So what is a water center, anyway?
IWRC is part of the National Institute of Water Resources, which is made of 54 water centers in all 50 states and US territories. Water centers are typically run out of land grant universities and are usually headed by faculty at that university. The water centers were founded in 1964 by the U.S. Congress to address the growing need for water research and development in the United States. Keep in mind that this was well before the Clean Water Act and the U.S. Environmental Protection Agency, so this left the U.S. Geological Survey all alone to do the nation’s water research and monitoring. Consequently, the water centers were a shiny new research effort that were addressing the big problems of the day, like how to clean up water pollution (take a look at our archives to see the breadth of the projects IWRC supported in the early days).
Water centers came under the direction of USGS in the 1980s and continue to receive some federal support to maintain a federal-state partnership. We here in Illinois are run out the same office (and staff) as the Illinois-Indiana Sea Grant, which means we get to enjoy great collaborations on research without having to leave our office.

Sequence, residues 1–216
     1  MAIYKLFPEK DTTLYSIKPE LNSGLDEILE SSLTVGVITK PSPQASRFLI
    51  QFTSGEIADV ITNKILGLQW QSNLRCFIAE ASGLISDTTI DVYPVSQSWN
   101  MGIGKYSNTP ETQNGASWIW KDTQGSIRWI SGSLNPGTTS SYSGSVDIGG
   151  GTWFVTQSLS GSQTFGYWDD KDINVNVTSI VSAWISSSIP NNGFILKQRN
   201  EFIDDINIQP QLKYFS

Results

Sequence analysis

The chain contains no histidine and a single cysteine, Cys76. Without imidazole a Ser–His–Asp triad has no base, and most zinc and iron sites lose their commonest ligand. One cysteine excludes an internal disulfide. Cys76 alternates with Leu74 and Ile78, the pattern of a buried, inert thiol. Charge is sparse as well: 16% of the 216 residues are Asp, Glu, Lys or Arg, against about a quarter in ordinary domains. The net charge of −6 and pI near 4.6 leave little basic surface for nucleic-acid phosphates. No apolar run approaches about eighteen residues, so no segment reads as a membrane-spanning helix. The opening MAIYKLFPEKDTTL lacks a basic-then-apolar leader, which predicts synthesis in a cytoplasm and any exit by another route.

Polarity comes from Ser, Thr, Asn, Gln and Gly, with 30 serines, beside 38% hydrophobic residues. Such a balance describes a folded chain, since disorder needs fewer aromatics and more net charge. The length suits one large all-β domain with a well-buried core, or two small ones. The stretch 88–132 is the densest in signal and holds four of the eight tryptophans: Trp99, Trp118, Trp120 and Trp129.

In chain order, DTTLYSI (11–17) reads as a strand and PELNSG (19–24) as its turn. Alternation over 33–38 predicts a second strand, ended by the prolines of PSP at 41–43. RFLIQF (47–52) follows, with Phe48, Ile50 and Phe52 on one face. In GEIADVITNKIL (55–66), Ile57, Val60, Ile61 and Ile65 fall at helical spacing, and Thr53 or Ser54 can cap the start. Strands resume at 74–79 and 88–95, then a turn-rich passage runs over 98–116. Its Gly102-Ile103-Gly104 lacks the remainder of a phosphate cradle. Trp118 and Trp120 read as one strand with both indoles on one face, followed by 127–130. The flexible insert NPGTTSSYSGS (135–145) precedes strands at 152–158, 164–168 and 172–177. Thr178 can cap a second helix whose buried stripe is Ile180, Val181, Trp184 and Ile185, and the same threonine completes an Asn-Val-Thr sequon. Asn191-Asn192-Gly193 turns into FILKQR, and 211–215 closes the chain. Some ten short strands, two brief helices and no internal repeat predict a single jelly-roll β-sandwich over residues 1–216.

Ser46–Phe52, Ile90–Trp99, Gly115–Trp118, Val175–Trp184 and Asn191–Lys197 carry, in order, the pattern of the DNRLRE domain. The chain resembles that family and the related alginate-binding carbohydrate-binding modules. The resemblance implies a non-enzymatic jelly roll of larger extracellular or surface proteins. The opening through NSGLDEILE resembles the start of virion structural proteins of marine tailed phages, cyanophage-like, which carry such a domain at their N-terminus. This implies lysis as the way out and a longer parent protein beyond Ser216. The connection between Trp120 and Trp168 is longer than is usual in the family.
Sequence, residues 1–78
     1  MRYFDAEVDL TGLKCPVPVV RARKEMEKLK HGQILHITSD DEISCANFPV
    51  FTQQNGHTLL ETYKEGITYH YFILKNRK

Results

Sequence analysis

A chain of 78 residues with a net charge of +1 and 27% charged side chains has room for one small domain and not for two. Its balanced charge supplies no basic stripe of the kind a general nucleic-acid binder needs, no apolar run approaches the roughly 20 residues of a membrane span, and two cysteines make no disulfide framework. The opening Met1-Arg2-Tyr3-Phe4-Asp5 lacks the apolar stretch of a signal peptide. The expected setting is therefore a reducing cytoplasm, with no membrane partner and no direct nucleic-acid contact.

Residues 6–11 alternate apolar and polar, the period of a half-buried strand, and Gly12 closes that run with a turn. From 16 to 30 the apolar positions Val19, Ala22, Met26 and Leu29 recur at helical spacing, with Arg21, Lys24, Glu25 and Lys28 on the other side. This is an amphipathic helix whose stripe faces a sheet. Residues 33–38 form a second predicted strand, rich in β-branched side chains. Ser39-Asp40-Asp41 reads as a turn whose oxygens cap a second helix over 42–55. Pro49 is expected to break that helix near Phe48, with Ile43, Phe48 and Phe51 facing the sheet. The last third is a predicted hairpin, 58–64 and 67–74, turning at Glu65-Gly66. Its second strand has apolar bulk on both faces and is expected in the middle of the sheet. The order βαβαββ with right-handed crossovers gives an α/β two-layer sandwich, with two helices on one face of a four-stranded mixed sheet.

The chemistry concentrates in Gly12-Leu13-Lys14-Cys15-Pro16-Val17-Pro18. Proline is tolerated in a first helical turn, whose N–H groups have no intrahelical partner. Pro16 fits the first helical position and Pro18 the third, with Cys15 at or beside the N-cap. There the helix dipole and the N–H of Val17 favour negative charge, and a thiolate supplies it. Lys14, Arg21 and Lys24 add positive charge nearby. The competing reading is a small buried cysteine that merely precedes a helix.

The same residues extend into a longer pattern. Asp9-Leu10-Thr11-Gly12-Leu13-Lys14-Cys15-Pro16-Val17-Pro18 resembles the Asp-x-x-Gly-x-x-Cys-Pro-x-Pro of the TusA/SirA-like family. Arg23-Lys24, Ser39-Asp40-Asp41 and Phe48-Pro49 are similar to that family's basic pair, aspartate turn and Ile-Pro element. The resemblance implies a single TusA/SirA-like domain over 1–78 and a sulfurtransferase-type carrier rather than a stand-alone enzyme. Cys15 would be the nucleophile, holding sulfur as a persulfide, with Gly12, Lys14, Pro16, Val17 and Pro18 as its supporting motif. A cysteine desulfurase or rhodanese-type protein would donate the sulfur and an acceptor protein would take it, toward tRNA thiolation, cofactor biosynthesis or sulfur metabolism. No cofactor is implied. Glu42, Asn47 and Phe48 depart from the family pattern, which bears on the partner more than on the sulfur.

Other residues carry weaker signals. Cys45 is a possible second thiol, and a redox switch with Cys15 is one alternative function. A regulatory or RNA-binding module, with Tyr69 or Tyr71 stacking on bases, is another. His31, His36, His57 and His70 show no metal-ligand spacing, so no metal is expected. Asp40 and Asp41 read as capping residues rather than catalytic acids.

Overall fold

What does a water center do?
The water centers are intended to increase water knowledge and help young scientists and engineers enter water-focused careers. While this varies from center to center, one thing we all do is provide a small grants program out of our base funds. IWRC has titled this program Annual Small Grants, and these grants have resulted in some very interesting projects. Additionally, all water centers provide researchers in their state access to larger grants through the National Competitive Grants program run by the USGS. While the Sequester resulted in no National Competitive Grant awards this year, IWRC has sponsored many funded projects in the past.
So is IWRC only interested in research?
Besides research funding, IWRC performs outreach and education and liaises with national organizations on Illinois’ behalf. Every two years, we host an Illinois Water conference, which allows anyone interested in water from around the state to present research, share ideas, and make connections. We also host the Private Well Class, which helps well owners safely manage their water supplies, and SmallWaterSupply.org, which provides reliable information for small municipal and tribal water suppliers.
Some new outreach we’ve done this year include planning a drought workshop as part of a professor’s outreach requirements in his grant and some classroom visits to discuss stormwater and recycling. We’ve also sought to make this blog and our twitter feeds a constant source of information and news about Illinois’ water resources and opportunities. If you have ideas of projects we could help you with or have an item you’d like us to highlight, please contact us. We love to hear the water news in Illinois, and we really love to share it.